Despite the uncertainty: ‘I’m not sure what’s going on but…maybe she’s trying to comfort me?’, Tōko still feels happy. As Tōko’s voice actress I was definitely glad, but I also went ‘Yū….!’ as I read the script. Because the light from her eyes disappeared at that point (laughs)
Takada: The world as Yū perceived it, had changed considerably (laughs). The anime does very well in transmitting the shock [that Yū feels], more so than in the manga. However, she still felt disappointed in herself for being unable to feel any kind of emotion despite being kissed.
Q: Even so, Yū still continues to assist Tōko who is running for student council president.
Takada: I’m sure Nanami-senpai told Yū to help her out with her student council election speech not because she needed the help, but because she wanted to do it together with Yū. Yū has a strong sense of responsibility so she’d view the situation as ‘I’ve got to follow up on Nanami-senpai’ and ‘I’ll need to work hard’, but when she held Nanami-senpai’s hand she saw a girlish side to her.
Yū’s ‘Unfair!’ monologue that came up right after that was as shocking as it felt when I read the part in the manga.
Kotobuki: With just three syllables*.
*unfair – zurui (ずるい)
Takada: That’s right! I was surprised that those 3 syllables were the first thing that came to Yū’s mind but I do think that it’s an essential ‘emotion’ in the world of Yagakimi. Like anger, loneliness, jealousy. I did have some trouble, pondering how to express that complex desire of ‘wanting to be on the other side’.
Looking at Yū, her determination to not to allow herself to be fearful is conveyed clearly and instead, you can see her feelings of envy and the shock that lies somewhere within her heart. I was doing my best to express those mixed emotions – I would be happy if the viewers could share in those feelings through the role I play.
Q: The ending part features another monologue from Yū – this time she says ‘she’s totally unfair’, with a nuance that is different from the ‘Unfair!’ we mentioned earlier.
Takada: That’s right. It may be the same word – ‘unfair’; but the careful work that goes into animating the difference between the 2 ways the word is expressed is amazing. You can see how such scenes are born from the love that the staff have for Yagakimi.
Q: So would that be your choice, Takada-san? That ‘Unfair’ scene?
Takada: As the voice of Yū, I would have to pick the first ‘Unfair!’ and the 2nd ‘unfair’ together. The 2 scenes where you can pick up the different nuances behind the same word.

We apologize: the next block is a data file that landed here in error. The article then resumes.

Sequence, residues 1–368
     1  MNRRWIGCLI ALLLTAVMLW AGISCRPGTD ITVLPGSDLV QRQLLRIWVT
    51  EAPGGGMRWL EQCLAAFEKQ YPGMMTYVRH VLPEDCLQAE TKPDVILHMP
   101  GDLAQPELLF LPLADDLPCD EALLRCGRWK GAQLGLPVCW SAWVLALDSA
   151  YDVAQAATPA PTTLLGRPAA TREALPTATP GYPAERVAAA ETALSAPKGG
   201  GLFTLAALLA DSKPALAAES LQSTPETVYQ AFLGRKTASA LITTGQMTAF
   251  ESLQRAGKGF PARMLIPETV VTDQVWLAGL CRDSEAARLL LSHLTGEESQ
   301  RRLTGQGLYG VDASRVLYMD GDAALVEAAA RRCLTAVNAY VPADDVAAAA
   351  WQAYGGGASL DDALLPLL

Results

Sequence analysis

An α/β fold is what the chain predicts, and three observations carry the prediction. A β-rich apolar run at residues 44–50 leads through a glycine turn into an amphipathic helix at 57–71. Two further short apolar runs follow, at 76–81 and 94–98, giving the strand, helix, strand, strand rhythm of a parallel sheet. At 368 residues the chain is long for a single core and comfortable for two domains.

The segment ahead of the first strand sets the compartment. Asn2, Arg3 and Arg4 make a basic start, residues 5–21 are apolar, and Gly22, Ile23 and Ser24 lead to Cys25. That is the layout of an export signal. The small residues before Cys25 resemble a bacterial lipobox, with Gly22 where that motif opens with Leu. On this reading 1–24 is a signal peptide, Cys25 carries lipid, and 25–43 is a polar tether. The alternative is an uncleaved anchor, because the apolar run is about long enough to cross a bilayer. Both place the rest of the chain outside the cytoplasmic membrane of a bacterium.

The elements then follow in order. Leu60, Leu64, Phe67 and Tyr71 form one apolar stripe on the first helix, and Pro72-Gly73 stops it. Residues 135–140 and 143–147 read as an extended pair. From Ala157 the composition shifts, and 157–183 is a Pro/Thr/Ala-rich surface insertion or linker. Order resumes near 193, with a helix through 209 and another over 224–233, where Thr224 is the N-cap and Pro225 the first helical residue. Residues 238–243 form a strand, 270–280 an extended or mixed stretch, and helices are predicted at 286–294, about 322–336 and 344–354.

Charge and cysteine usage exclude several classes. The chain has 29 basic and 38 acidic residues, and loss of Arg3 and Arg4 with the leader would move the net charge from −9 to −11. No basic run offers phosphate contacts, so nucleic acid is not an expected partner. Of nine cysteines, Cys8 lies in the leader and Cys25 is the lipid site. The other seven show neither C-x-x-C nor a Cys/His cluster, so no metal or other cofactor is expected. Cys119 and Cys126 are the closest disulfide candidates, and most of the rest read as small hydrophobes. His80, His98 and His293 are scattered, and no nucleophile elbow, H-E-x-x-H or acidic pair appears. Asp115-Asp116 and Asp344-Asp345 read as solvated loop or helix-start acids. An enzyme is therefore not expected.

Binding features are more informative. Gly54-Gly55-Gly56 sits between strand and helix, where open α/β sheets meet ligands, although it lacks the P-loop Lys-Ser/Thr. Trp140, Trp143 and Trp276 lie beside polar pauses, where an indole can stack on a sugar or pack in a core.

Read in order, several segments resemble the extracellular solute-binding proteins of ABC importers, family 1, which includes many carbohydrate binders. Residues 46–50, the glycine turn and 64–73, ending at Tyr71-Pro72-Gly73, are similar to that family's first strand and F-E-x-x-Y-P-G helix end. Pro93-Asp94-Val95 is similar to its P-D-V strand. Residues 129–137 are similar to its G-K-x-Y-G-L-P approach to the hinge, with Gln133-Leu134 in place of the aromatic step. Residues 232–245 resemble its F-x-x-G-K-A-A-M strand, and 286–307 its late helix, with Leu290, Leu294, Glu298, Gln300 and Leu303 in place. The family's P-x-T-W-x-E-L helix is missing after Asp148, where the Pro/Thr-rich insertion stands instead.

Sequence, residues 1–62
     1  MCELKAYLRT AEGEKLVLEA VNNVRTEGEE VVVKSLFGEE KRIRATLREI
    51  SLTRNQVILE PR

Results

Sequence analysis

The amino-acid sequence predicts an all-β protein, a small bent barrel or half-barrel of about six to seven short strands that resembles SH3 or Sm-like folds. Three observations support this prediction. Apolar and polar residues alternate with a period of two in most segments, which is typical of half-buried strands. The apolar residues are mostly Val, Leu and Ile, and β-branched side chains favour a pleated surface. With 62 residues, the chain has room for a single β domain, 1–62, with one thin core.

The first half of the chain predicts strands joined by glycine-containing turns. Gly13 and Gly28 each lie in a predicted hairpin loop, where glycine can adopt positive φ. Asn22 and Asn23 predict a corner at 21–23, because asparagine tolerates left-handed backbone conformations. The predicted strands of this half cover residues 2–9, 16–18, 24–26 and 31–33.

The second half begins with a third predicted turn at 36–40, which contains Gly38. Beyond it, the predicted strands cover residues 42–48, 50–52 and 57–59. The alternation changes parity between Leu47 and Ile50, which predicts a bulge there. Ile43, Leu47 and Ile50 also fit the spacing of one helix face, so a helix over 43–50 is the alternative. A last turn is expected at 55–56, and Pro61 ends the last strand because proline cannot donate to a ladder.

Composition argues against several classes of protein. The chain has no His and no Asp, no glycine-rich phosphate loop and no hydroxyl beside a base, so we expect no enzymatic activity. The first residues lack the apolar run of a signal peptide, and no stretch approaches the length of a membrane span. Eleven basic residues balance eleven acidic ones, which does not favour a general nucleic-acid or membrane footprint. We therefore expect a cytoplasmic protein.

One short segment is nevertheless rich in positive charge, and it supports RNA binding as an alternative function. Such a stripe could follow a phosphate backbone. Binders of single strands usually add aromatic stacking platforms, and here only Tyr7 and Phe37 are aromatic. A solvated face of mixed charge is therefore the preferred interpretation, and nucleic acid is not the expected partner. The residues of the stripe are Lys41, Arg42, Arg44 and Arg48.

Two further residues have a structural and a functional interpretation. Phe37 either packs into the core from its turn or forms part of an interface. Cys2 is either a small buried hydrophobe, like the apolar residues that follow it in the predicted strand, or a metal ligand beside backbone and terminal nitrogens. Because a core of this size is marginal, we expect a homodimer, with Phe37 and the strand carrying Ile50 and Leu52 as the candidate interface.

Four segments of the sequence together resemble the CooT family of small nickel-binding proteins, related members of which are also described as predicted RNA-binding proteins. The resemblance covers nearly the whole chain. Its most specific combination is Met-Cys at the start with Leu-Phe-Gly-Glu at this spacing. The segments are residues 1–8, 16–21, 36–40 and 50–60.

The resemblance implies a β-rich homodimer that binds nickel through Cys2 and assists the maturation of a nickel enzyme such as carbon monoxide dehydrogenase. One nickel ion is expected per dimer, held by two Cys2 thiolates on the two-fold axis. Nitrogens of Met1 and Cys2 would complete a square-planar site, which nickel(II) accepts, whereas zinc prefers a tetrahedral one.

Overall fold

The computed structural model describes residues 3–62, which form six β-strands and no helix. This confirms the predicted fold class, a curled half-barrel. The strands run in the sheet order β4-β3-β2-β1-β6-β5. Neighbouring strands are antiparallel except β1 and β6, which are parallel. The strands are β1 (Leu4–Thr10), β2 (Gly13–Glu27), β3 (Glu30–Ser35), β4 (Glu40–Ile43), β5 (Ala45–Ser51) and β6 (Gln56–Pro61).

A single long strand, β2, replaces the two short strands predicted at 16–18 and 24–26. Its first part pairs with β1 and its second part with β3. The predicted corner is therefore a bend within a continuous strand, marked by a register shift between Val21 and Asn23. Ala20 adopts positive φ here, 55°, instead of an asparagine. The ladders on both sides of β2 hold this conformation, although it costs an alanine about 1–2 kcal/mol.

The weaknesses and strengths that Tōko shows to Yū alone
Q: Another high point of the series would be episode 3, where we finally see the student council election speeches.
Kotobuki: During recordings for the election speech scene, Yūki-chan actually copied down all of Yū’s speech lines from the script. The manuscript that Yū was reading in the speech – you wrote that out, right?
Takada: Yes I did…!
Kotobuki: The original draft had been prepared and given to her by Sayaka, but I’m sure Yū added her own little things to the speech which is why she rewrote the whole thing. I noticed [Yūki-chan] turning her script sideways in the studio, reading some handwritten notes off the page so when I asked her about it later on, she told me ‘I tried writing it out’…she’s just so amazing!
Takada: No way! (laughs) Yū’s speech had a great number of words in it. I was wondering what kind of feelings she’d have, memorizing the content of the manuscript and delivering the speech by heart. The script splits up the dialogue for each cut so I wasn’t quite able to tell just how much text there was overall.
Which is why I tried transcribing the entire speech. When I did, I could see just how great the number of words were. Yū, who’s not fond of standing in front of an audience, has to memorize the speech and deliver it with confidence – seeing how magnificent she was spurred me on to do the same in my performance.
Q: And you could hear the change in Yū’s voice when she declared her own intention to become a member of the student council, compared to how she delivered her speech. You could sense Yū’s strong will packed into the words of her declaration.
Takada: Thank you very much. I think transcribing the speech text definitely helped me out there.
Also, the vulnerability that Nanami-senpai showed before the speech left a big impression on me. It was the first time that Nanami-senpai showed this side of herself to Yū, and the ‘it’ll be all right’ phrase that I mentioned earlier from episode 1 was now being used by Yū herself [on Tōko] – what a contrast. This particular scene gave me the strength to stand on stage…but ahh, there are just too many scenes that could be my ‘favourite’ (laughs)
Kotobuki: So true (laughs). There’s also the last bit of the A part, where Yū’s trying out the planetarium that she received as a gift from Tōko, and the monologue goes: ‘Am I happy to receive this? Yeah, pretty happy. Just normally happy. Well, I do love the stars after all’ – she’s asking questions and answering them herself. And I’m just thinking ‘Ah we do that ourselves, we definitely do!’ (laughs)